If you are mass breeding eggs, and the mother is not available to keep the eggs warm, an incubator is used to regulate unhatched egg temperatures. In nature, the mother turns the eggs regularly to help ensure the health of the unborn baby. If you are using an incubator to hatch eggs, you can either turn the eggs by hand on a regular basis or you can use an egg turner. Buying an egg turner is expensive; however, it possible to make one on your own manual model.
Measure the inside of your incubator to determine the maximum size of the finished egg turner.
Use a ruler to determine the exact measurements of a cardboard egg carton. The carton should have the bottom of each egg cup cut off to allow for air flow through the egg carton during incubation. The size of the egg carton determines the size of the egg turner you will be building.
Cut the pieces of PVC to match the measurements from the previous step, taking into consideration the size of the T-joints and the elbows. Use a hand saw to make the cuts. After you finish cutting you should have two longer pieces of PVC and four shorter pieces of PVC.
Construct the six pieces of PVC together using PVC cement glue to secure them in place. Place the two longer pieces on the ends. The four shorter pieces should be held together with the T-joint in the centre. Once constructed you will have a four-sided square or rectangle, depending on the shape of your incubator and egg carton. Turn the unconnected part of the T-joints outward.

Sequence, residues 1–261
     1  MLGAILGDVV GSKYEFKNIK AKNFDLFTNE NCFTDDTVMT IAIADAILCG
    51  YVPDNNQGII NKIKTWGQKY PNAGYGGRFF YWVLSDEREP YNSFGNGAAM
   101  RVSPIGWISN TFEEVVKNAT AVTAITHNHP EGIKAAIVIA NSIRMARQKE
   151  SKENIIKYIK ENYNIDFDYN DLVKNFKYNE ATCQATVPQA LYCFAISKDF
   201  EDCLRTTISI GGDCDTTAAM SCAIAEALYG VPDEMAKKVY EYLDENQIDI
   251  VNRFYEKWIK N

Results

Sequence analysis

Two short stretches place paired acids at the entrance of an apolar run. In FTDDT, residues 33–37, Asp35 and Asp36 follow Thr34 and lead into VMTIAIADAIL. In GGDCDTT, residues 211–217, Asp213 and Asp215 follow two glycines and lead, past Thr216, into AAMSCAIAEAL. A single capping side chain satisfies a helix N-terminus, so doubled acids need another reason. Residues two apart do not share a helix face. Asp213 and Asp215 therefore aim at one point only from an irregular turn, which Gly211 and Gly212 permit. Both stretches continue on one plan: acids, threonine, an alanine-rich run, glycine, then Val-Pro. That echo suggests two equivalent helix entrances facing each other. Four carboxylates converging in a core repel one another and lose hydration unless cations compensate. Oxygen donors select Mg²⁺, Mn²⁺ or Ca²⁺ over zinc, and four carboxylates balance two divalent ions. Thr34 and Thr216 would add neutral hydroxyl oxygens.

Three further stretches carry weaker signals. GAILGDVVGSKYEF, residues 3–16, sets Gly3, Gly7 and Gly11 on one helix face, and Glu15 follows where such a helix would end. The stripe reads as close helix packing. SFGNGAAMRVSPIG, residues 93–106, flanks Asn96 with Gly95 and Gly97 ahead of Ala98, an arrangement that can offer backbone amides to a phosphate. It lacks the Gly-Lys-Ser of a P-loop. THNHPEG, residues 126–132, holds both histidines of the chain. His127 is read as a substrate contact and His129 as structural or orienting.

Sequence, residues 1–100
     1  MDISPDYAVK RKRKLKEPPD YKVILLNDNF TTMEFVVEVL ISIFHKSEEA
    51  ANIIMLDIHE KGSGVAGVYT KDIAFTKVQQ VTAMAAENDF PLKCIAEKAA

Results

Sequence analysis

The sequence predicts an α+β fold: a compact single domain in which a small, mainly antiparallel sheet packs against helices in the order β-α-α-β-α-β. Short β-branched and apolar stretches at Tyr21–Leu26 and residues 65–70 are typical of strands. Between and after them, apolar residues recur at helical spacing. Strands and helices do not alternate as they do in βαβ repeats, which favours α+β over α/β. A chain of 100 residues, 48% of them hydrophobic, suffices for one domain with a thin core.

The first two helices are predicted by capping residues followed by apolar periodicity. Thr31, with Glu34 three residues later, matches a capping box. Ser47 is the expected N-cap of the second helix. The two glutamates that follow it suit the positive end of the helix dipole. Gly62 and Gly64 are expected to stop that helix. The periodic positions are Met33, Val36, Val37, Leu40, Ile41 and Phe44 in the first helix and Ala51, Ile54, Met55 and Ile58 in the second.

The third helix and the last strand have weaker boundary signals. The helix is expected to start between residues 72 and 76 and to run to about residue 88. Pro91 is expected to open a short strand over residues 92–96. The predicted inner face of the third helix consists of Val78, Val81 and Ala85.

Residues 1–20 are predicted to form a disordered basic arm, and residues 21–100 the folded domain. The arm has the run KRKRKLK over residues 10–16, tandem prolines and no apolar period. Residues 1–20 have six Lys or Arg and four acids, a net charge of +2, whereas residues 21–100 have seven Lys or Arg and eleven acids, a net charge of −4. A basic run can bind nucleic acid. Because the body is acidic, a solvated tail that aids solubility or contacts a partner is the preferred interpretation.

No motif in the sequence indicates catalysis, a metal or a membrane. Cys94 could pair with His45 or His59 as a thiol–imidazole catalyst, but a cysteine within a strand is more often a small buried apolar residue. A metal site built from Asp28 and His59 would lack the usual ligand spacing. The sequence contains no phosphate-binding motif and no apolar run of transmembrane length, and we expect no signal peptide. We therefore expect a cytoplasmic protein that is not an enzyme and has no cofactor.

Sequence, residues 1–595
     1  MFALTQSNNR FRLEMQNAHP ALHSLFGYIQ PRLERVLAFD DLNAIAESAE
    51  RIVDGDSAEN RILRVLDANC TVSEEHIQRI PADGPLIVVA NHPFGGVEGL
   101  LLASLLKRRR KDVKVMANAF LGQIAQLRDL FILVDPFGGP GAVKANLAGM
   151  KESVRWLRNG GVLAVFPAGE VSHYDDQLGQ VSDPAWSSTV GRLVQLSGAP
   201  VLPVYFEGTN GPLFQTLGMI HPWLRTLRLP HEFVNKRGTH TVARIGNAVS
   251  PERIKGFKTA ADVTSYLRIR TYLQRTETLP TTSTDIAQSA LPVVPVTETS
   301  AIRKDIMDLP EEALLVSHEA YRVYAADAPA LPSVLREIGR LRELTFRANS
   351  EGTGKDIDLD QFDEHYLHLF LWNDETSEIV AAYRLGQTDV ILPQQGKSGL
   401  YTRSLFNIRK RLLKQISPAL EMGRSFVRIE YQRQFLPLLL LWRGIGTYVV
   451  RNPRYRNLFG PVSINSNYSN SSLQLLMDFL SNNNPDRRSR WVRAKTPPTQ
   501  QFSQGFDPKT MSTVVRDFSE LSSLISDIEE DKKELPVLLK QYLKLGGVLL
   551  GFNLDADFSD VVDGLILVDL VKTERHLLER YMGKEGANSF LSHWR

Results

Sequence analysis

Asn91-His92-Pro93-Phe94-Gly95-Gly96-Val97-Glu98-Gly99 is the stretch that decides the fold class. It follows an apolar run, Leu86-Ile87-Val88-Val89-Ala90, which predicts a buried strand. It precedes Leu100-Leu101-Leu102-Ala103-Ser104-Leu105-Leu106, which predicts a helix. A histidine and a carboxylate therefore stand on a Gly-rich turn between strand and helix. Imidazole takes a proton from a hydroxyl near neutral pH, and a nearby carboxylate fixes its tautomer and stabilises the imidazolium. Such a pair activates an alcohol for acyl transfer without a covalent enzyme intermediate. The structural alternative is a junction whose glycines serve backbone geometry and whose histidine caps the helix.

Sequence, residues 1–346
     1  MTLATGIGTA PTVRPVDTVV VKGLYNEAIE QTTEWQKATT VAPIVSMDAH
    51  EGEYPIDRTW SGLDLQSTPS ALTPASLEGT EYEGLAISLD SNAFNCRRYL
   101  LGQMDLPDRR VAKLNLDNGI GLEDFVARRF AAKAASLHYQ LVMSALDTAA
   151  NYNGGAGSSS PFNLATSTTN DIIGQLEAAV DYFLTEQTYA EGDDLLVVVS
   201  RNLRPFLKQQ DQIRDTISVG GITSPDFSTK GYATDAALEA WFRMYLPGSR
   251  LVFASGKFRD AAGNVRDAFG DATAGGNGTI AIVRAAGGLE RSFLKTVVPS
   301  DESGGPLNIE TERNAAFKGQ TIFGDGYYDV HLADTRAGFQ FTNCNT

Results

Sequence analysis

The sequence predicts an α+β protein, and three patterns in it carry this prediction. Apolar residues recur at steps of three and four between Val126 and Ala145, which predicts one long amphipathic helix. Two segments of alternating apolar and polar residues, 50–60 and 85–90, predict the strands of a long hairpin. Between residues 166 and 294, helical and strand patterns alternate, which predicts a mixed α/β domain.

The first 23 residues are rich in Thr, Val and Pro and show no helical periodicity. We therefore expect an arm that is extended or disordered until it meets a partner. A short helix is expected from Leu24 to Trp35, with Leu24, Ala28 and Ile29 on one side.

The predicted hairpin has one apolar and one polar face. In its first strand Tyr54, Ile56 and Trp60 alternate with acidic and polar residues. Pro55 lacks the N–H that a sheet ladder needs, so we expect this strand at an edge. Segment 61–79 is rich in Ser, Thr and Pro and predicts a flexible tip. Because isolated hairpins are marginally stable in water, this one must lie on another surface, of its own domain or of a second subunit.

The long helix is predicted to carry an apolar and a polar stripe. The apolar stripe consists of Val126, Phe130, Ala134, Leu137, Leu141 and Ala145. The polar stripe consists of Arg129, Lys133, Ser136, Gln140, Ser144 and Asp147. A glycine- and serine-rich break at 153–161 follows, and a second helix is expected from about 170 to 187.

Insert the four-sided frame you constructed in the previous step into the incubator. Place the egg carton into the frame. Use a pencil to indicate the location of the outward pointing T-joints. Make a hole in the side of the incubator at these marked locations. The holes should be just larger than the size of the PVC piping.
Cut a 60 cm (2 foot) piece of PVC in half. Insert the cut ends of the PVC pipe through the holes in the size of your incubator. Insert the ends of the cut pipe into the outward turned T-joint. Use cement glue to attach the pieces together.
Turn the two protruding PVC pieces to turn the egg carton, completing your egg turner.
Using a manual egg turner is an effective way to turn all your eggs at once. Since turning each egg by hand is time consuming, you can ensure you turn the eggs in a quicker period of time and all at the same degree. When choosing an egg carton to work with, select one that not only has enough cells for the number of eggs you will incubate, but is also slightly smaller than the incubator. This helps prevent the egg turner from throwing the eggs all over the incubator and possibly cracking them prematurely. When determining the size of the PVC pieces, consider that each corner will consist of an PVC elbow and each longer side will have a T-joint. These pieces will add to your finished product's overall shape and size.
Things you need
- Cardboard egg carton
- PVC T-joints
- PVC elbows
- PVC pieces
- PVC cement glue